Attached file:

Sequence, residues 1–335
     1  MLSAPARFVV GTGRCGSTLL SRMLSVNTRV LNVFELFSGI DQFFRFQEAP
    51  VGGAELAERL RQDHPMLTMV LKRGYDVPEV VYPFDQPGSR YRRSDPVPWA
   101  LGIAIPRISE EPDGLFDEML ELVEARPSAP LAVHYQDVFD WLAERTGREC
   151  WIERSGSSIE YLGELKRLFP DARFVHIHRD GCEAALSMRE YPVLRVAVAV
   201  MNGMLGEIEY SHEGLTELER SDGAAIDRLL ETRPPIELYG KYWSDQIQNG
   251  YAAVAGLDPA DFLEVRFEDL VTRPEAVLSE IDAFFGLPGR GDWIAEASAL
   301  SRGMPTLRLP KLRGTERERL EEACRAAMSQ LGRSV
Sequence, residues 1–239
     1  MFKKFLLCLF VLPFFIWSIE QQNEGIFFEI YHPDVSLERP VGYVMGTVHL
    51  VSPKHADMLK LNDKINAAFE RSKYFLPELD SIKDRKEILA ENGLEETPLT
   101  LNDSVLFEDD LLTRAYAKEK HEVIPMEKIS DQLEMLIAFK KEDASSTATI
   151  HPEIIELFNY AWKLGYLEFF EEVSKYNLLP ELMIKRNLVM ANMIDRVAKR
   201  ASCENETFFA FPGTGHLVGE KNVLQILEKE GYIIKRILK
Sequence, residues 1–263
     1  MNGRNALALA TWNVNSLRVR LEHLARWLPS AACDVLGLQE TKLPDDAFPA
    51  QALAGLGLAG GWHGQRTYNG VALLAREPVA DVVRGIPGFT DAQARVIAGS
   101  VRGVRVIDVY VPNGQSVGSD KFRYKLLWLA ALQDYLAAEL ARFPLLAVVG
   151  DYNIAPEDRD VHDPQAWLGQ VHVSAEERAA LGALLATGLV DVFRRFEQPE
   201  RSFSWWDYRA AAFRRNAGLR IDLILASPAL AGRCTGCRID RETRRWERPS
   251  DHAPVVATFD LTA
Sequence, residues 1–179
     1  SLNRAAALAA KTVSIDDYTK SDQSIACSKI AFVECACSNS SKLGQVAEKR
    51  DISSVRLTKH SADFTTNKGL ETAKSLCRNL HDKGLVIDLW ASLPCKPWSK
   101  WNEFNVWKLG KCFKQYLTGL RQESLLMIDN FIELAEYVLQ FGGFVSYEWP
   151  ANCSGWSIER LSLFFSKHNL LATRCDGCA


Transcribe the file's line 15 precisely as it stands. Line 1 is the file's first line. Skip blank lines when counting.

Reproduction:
Sequence, residues 1–263